Data, or big data, now fuels every industry. And why shouldn’t it? When armed with the right information and machine learning algorithms to analyze it all, businesses can make an unprecedented number of successful decisions.
Data can provide information about a company’s customers, market trends, upcoming events, potential ventures, and so much more. It’s no stretch to claim that it can help a business, big or small, grow its efforts. The biggest problem, however, is knowing and understanding how to leverage the information.
The Basics of Big Data
Before you can ascertain how big data will help your business, you need to be sure you understand the ins and outs. It may seem silly to cover the basics, but it’s crucial nonetheless.
What Is Big Data?
“Big data refers to a massive trove of digital content or information, generally collected from a wide variety of sources. You’ve heard before that knowledge is power, and that’s absolutely true with big data.”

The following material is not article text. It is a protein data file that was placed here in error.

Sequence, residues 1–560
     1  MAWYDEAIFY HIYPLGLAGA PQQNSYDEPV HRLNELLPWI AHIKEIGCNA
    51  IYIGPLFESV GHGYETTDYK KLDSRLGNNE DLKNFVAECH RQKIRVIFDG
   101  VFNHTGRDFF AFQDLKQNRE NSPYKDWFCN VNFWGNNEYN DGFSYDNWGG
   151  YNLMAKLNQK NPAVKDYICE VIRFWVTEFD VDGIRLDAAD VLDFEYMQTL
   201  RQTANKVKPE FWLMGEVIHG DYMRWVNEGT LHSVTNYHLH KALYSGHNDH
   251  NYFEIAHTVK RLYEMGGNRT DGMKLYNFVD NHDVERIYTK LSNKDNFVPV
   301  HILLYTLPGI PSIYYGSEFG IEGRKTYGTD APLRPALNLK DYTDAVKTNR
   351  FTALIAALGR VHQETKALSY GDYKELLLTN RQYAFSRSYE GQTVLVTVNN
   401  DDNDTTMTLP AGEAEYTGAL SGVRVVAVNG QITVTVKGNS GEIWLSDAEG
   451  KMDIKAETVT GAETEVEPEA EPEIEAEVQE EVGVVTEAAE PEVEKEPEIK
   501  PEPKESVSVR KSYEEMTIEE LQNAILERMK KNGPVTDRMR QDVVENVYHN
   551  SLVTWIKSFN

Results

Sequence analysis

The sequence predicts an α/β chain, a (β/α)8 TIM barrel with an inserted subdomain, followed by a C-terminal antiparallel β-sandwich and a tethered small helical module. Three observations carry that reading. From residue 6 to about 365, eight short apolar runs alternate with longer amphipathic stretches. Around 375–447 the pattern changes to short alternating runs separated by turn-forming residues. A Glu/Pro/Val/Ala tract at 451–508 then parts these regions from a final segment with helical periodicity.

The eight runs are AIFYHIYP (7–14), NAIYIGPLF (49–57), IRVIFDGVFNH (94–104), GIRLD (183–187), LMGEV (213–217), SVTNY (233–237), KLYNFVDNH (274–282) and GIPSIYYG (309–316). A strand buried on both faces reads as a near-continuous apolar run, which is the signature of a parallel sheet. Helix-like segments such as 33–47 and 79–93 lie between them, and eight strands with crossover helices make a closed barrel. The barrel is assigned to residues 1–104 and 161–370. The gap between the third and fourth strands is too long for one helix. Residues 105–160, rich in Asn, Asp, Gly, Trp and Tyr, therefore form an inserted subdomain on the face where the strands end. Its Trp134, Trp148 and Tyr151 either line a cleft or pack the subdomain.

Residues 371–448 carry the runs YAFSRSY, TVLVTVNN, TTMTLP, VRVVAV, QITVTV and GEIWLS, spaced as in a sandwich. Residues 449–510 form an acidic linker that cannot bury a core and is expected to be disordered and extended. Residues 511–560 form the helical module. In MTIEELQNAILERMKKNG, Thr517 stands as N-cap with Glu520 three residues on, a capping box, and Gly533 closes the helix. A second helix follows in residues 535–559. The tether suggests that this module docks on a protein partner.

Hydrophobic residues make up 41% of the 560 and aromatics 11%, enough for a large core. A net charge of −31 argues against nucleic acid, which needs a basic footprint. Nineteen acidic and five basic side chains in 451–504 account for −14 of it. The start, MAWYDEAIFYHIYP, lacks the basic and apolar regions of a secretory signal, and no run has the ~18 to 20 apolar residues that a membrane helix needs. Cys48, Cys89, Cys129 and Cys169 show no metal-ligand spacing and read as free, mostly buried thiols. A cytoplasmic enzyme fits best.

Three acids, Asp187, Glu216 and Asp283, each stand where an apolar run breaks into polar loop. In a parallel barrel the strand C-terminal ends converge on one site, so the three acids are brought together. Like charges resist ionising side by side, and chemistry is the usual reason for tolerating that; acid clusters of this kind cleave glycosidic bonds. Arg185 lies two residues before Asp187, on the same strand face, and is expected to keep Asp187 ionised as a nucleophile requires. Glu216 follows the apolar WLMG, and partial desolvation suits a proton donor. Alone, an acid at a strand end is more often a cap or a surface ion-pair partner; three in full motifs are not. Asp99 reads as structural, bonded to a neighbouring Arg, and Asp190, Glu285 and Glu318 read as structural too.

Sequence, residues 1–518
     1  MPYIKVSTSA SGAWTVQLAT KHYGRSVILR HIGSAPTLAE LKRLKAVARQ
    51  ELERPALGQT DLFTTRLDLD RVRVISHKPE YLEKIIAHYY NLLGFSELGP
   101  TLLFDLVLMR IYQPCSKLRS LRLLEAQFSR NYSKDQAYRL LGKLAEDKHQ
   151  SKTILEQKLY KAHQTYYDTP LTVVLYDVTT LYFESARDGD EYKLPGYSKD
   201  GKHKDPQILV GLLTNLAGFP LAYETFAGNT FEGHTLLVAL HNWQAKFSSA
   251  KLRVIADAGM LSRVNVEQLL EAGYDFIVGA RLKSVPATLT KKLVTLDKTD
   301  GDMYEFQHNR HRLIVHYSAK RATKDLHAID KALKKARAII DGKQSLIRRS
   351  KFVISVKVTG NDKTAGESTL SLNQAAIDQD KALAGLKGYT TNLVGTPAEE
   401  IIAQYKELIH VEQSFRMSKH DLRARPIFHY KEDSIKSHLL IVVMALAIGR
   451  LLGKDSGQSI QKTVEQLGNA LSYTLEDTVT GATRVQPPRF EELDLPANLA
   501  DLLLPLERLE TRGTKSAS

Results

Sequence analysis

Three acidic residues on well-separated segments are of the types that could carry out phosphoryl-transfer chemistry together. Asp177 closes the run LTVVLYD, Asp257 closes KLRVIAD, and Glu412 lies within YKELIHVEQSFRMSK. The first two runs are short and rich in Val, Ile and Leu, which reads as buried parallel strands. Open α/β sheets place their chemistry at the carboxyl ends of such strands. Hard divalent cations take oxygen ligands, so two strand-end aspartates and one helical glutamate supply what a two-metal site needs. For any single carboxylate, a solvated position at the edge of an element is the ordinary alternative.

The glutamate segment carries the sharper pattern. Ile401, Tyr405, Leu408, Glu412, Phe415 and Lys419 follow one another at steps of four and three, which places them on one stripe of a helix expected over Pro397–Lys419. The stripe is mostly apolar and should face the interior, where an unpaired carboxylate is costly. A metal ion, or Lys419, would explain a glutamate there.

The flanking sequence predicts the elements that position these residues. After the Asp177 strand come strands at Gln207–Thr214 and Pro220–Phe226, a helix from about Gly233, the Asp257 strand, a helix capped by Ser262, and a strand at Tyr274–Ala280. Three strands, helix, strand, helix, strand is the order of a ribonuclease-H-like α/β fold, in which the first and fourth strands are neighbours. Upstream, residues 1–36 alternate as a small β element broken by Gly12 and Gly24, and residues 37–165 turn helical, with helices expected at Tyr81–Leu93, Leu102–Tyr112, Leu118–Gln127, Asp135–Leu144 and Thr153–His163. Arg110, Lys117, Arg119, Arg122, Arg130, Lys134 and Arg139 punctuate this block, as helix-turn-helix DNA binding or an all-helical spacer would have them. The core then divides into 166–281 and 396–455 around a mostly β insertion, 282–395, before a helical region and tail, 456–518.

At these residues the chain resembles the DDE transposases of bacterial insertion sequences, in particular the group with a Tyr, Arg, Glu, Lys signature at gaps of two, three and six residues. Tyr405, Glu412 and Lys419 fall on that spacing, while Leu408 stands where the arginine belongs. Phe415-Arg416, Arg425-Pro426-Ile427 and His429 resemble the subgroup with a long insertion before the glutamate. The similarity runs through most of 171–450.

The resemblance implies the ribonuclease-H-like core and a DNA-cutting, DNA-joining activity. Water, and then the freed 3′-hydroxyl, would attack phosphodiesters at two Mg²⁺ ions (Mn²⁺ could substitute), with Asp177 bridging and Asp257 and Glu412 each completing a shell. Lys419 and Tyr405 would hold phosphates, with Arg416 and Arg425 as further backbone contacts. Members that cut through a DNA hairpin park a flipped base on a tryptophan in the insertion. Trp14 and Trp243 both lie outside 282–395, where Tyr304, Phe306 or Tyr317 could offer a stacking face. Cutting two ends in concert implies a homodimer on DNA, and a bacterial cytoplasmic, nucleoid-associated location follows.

Marketers, analyst firms, businesses, and many others use the information contained within big data stores to understand current events and take action. A major retailer, for example, might be collecting lots of information on how customers are making purchases, such as when, where, and what they are buying. Collectively, this information creates a big data store.
Where Does It Come From?
Big data can come from almost anywhere, including smartphones, computers, satellites, microphones, cameras, public devices, and much more. It is gathered and then stored remotely, usually in what’s called a server center, which is a large facility that houses remote servers to store, analyze, and transmit data.
Many companies will leverage data not just to make informed decisions, but also to generate revenue. Some will sell data to third parties or other businesses, and others will sell the insights that were discovered after scouring through the data they own.
How to Use Big Data for Your Business
How and when you should be leveraging big data depends on several factors:
- What is your business’s focus?
- What kind of data are you collecting?
- How are you analyzing the data?
- What are you looking for?
For example, retailers are going to be collecting and using data differently than a manufacturer or a marketer. Sure, there may be overlap in terms of what the different parties are collecting, but how it will be leveraged is the real differentiator.